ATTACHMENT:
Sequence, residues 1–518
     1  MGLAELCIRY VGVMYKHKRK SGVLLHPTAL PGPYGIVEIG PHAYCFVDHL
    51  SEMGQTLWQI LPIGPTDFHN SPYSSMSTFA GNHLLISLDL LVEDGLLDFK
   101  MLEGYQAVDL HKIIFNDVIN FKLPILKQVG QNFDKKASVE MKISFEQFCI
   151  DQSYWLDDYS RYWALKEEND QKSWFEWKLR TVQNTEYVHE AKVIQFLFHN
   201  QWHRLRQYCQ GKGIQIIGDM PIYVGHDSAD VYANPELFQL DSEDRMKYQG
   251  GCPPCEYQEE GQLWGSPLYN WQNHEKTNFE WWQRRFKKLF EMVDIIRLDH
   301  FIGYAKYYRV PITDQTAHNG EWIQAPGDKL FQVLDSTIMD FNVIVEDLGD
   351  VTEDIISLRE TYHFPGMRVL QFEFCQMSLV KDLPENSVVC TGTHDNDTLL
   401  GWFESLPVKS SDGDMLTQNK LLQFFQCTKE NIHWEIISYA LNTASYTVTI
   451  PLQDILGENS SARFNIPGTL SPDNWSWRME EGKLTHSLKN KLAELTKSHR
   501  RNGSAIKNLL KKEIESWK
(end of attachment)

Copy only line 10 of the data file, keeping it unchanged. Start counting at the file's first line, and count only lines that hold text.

   401  GWFESLPVKS SDGDMLTQNK LLQFFQCTKE NIHWEIISYA LNTASYTVTI